Six years after his first venture into retirement and two years after restarting his engines, Michael Schumacher has decided to permanently park his Formula 1 racing career.
“I have decided to retire from Formula 1 at the end of the season, although I am still able to complete with the best drivers in the world,” the 43-year-old driver announced through his website. “I have never regretted my comeback… But then, at some point, it is time to say goodbye.”
The announcement comes with six races left on the Formula 1 season and a week after Schumacher’s current team, Mercedes AMG, signed Lewis Hamilton for the 2013 campaign.
Mercedes team principal Ross Brawn called it “an emotional day” when he heard of the decision. Brawn and Schumacher worked together for many years, going back to when the driver was with Benetton and during his career at Ferrari.
“In my opinion, he is the greatest Formula 1 driver,” Brawn is quoted on the Mercedes website. “The records which he holds in our sport speak volumes for his success and commitment.”
Schumacher first retired from Formula 1 racing in 2006. He returned to the sport in 2010, but the results of prior glory did not return with him. The three years at Mercedes were marred by lackluster results. Schumacher said he is “happy with my performance and that I was continuously raising my game,” but he was faced with a car that was not truly competitive and the driver had maintained for some time that he had been thinking about the future.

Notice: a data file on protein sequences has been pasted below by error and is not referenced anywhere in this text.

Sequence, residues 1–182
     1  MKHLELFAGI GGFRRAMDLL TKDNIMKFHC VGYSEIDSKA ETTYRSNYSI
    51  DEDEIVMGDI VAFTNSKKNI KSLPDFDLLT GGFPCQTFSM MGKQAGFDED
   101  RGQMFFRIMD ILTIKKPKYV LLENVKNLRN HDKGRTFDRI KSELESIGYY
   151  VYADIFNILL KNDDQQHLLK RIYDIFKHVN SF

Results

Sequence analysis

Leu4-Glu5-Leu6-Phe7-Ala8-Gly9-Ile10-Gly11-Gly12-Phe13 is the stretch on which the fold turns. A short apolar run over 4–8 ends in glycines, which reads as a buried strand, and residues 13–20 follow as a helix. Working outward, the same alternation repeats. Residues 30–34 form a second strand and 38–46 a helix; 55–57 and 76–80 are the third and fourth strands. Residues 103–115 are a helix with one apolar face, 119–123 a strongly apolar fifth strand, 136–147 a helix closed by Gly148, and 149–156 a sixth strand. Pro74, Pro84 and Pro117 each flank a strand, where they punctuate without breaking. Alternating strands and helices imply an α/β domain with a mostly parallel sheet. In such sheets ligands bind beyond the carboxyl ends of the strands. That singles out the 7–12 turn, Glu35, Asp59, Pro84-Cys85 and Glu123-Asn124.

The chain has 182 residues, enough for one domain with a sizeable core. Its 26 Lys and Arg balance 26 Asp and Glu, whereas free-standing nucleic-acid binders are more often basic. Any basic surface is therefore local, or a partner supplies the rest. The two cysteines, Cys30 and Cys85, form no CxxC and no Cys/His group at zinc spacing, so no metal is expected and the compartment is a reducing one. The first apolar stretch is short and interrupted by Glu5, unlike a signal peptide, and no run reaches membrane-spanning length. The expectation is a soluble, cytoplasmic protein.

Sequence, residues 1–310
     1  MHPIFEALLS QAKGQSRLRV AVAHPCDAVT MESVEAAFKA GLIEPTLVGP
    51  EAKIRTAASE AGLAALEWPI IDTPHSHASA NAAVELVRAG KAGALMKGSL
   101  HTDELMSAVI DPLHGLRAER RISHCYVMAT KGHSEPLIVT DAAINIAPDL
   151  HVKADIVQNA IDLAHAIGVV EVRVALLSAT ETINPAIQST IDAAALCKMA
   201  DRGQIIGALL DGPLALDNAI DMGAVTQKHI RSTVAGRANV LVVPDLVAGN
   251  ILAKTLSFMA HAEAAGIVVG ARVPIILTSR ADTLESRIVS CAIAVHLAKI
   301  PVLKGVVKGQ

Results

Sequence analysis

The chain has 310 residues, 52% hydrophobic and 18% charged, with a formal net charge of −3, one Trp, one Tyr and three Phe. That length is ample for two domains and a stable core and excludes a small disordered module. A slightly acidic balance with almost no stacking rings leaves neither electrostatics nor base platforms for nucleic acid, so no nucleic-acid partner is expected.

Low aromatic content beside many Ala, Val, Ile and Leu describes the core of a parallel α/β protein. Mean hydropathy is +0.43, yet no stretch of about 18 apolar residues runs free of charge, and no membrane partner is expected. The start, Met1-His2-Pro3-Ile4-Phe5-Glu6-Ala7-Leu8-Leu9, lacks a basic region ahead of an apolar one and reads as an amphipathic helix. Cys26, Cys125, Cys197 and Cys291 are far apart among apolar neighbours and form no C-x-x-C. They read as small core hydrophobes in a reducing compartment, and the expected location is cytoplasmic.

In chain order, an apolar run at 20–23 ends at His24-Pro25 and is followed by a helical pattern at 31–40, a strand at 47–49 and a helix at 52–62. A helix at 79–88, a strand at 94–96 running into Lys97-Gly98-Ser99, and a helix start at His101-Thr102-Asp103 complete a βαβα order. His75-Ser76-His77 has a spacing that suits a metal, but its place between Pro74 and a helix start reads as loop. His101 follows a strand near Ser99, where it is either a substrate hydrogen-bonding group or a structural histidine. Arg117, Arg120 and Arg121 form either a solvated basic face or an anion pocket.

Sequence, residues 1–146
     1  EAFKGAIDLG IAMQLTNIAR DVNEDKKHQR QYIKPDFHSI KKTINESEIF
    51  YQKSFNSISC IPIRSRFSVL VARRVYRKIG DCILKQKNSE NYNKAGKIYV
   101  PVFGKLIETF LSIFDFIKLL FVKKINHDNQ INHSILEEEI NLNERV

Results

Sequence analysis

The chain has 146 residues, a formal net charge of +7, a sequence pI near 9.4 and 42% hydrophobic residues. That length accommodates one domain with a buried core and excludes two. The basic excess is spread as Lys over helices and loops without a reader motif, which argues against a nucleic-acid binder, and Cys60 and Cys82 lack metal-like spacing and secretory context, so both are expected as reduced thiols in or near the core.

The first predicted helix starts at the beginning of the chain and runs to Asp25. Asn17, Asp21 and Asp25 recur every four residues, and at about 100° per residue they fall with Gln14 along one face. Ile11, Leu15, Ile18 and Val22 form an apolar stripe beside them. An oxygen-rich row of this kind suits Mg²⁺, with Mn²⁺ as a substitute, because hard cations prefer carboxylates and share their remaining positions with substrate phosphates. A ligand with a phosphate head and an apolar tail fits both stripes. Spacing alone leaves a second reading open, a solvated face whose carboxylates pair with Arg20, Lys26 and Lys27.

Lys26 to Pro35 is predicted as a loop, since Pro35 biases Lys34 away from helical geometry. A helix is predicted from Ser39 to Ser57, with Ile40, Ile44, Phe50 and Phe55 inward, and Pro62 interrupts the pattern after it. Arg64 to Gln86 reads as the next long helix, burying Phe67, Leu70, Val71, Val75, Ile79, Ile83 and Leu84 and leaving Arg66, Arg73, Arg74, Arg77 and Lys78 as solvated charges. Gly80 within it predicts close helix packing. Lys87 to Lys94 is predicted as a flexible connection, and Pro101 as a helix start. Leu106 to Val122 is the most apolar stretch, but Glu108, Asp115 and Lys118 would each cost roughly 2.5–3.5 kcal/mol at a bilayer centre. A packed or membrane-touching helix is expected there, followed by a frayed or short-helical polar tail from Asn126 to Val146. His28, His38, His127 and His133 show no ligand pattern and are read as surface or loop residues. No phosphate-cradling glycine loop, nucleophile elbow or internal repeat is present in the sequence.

“During the past few weeks and months, I was not sure if I would still have the motivation and energy which is necessary to go on,” the seven-time world champion said. “And it is not my style to do anything which I am not 100% convinced about.”
Schumacher’s Formula 1 history is a hall-of-fame one. He started 308 grand-prix races and won 91 of them, on the way to a record seven world driving titles. His records are all but legendary, including: most consecutive driving titles (five - 2000 to 2004); most wins in a season (13 in 2004); most wins with one team (72 with Ferrari); and records for leading the most races (142), most laps (5,111) and most race distance (24,144 kilometers).
In the 52 races since his return to Formula 1, Schumacher has only led one lap and had one podium finish. Even then, his third place at the 2012 European Grand Prix set a record for the oldest driver to climb on the podium in Formula 1 history.
“Losing can be both more difficult and more instructive than winning, something I had lost out of sight sometimes in earlier years,” Schumacher summed up the last three seasons in Formula 1. “You have to appreciate to be able to do what you love… you have to live your convictions. I have opened my horizon, and I am at ease with myself.”